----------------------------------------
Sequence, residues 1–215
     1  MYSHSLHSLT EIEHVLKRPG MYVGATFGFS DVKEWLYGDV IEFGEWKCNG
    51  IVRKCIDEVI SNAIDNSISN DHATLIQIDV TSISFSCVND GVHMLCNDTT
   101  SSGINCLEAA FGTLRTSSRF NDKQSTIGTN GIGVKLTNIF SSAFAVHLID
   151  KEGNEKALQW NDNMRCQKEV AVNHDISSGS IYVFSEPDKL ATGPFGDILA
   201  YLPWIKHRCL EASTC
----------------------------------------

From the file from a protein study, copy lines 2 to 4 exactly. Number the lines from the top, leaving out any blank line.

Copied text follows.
     1  MYSHSLHSLT EIEHVLKRPG MYVGATFGFS DVKEWLYGDV IEFGEWKCNG
    51  IVRKCIDEVI SNAIDNSISN DHATLIQIDV TSISFSCVND GVHMLCNDTT
   101  SSGINCLEAA FGTLRTSSRF NDKQSTIGTN GIGVKLTNIF SSAFAVHLID